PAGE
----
Aims/hypothesis: Diabetic nephropathy is associated with a high risk of cardiac mortality including sudden death. This is presumably related to an imbalance between sympathetic and parasympathetic tone resulting in a decreased heart rate variability (HRV). In non-diabetic patients a decreased HRV is known to be a strong predictor of cardiovascular death. Studies in non-diabetic patients have shown that beta-blockers improve HRV parameters known to reflect parasympathetic function. The aim of our study was to investigate effects of additional beta-blocker treatment on: cardiac autonomic function, blood pressure, and urine albumin excretion in ACE-inhibitor treated Type I (insulin-dependent) diabetes mellitus patients with abnormal albuminuria.
Methods: We studied the effects of 6 weeks treatment with metoprolol (100 mg once daily, zero order kinetics formulation) in 20 patients participating in a randomised, placebo controlled, double blind, crossover trial. Patients were simultaneously monitored under ambulatory conditions with 24-h Holter-monitoring, 24-h ambulatory blood pressure recording, and 24-h fractionated urine collections. Heart rate variability was assessed by four different methods; ambulatory HRV analysis was carried out by spectral and time domain analysis, and on days of investigation short-term spectral analysis and bed-side tests were carried out.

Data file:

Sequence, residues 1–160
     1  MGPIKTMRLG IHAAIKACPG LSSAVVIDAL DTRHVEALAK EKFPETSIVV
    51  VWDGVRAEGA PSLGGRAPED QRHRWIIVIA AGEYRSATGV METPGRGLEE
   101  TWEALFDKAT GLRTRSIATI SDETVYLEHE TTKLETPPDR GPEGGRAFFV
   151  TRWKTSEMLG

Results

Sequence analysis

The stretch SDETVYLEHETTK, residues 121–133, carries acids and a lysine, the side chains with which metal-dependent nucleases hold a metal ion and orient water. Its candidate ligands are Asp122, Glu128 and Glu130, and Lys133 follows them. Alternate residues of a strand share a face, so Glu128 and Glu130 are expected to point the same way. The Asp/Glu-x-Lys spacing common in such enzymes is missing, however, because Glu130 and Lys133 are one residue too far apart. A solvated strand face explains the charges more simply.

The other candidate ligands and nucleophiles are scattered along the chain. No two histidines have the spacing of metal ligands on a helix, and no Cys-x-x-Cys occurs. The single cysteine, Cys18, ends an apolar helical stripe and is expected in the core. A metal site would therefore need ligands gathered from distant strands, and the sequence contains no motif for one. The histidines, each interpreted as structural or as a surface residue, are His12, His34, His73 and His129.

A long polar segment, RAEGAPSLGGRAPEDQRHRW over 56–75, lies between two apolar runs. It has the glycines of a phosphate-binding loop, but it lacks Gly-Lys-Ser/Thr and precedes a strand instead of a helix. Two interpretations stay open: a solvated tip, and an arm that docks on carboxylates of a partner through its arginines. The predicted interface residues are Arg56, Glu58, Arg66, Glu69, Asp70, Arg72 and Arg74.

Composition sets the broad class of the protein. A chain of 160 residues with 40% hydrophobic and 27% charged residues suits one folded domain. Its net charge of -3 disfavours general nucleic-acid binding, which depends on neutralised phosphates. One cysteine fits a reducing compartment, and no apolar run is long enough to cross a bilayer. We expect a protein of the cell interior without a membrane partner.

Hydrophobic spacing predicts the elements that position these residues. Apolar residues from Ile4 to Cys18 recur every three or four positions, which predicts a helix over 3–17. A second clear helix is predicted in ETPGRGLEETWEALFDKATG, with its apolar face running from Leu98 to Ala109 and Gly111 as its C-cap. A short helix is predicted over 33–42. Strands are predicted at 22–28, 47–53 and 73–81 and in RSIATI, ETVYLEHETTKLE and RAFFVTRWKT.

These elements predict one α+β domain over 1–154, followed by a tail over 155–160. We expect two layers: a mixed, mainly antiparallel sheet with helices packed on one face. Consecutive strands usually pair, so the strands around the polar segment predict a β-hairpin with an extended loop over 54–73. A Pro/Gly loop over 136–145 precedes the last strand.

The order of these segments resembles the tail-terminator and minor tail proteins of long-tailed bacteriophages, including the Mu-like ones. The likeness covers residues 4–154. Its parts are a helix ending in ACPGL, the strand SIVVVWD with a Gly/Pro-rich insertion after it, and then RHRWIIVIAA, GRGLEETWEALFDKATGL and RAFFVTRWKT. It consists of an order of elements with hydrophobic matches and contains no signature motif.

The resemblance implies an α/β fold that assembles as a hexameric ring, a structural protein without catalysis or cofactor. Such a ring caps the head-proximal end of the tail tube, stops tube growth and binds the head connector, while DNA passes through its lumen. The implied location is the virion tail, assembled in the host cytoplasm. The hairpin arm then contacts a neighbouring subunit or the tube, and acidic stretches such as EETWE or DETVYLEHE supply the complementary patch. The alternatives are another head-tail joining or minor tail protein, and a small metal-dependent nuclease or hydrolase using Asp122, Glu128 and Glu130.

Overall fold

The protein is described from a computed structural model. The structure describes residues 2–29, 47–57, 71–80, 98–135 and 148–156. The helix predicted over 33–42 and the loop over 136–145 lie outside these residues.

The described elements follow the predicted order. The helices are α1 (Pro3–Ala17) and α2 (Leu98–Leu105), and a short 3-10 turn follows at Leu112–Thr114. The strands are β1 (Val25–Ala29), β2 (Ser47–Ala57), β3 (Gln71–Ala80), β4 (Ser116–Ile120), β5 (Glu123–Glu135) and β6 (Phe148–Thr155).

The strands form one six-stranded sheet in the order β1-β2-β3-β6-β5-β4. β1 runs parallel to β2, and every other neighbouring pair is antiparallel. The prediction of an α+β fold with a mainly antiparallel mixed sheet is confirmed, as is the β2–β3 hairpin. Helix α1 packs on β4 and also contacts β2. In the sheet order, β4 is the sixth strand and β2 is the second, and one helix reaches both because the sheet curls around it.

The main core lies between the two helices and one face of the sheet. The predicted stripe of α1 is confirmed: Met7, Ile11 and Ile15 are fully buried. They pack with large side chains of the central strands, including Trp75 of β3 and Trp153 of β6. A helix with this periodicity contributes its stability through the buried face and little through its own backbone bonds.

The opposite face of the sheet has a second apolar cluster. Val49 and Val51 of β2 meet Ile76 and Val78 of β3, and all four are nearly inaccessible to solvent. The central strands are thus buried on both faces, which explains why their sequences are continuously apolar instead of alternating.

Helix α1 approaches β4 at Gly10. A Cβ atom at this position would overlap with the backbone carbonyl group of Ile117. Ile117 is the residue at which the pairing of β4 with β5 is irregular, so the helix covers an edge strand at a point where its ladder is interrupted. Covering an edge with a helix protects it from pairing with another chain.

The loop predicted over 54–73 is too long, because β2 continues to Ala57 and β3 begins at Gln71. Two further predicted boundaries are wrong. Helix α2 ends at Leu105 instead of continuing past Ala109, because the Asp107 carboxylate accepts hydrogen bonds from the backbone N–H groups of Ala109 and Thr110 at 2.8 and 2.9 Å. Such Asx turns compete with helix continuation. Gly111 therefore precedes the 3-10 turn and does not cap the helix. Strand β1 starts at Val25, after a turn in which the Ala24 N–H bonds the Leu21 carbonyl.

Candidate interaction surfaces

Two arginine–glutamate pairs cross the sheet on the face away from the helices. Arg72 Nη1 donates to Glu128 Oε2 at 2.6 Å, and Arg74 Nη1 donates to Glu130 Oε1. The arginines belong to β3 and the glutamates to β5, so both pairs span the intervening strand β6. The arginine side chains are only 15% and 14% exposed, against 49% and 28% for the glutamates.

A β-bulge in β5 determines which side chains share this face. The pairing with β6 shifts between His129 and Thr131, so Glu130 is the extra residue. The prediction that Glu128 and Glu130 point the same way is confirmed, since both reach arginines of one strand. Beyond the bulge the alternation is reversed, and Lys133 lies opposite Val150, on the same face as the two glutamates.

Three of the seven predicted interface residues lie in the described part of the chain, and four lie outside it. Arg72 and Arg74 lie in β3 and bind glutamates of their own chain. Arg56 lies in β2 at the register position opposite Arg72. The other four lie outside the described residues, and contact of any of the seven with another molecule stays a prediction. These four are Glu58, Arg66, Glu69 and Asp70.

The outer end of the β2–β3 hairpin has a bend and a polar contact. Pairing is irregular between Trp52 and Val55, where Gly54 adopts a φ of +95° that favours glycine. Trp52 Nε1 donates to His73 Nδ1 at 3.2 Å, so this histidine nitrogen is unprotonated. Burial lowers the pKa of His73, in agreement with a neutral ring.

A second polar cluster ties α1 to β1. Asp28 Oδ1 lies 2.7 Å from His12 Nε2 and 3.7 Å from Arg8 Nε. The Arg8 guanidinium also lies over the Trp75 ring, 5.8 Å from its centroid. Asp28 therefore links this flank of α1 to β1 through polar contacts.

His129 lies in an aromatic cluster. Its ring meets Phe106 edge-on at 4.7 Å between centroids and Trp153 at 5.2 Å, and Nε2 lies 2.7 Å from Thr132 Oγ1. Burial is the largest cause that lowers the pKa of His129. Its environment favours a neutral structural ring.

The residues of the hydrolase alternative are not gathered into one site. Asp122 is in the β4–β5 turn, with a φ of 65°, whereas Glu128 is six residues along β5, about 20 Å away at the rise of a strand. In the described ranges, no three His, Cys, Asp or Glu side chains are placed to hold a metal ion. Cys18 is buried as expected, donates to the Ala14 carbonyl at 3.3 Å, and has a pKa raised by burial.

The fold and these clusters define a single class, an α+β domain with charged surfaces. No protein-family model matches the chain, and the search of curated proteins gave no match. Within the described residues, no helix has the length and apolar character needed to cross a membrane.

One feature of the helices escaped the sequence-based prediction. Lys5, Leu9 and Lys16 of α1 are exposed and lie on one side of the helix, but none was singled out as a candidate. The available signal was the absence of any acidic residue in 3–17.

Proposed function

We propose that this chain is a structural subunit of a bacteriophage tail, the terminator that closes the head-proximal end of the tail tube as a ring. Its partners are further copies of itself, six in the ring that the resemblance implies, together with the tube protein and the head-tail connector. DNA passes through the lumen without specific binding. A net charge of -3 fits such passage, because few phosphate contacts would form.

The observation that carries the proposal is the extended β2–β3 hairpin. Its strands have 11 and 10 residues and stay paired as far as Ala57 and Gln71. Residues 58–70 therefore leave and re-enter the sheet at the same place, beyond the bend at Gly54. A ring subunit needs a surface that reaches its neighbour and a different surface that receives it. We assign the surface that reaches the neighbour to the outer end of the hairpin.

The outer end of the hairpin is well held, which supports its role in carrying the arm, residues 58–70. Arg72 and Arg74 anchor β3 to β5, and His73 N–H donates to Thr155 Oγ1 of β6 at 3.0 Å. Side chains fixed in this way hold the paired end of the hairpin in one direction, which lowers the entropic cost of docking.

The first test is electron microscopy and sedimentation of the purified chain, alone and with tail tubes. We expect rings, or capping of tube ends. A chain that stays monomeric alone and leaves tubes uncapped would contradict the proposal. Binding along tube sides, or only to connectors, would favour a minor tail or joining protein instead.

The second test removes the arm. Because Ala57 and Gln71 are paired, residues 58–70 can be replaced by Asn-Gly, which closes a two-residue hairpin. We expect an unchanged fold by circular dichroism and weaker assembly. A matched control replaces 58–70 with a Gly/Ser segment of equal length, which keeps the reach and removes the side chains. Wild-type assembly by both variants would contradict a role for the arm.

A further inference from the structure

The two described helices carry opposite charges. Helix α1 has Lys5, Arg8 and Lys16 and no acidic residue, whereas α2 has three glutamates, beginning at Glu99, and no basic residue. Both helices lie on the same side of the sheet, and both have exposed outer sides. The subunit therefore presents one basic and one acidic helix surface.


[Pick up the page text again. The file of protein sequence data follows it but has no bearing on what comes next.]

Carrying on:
Results: Metoprolol treatment improved in vagal tone assessed by short-term spectral analysis. The 24-h ambulatory HRV analysis showed improvement in some parameters reflecting vagal function. A minor decrease in daytime diastolic blood pressure was shown, no alterations in diurnal variation of blood pressure or urine albumin excretion were observed.
Conclusion/interpretation: These preliminary findings indicate that beta-blocker treatment could improve autonomic function in Type I diabetic patients with abnormal albuminuria and an associated high risk of cardiovascular disease.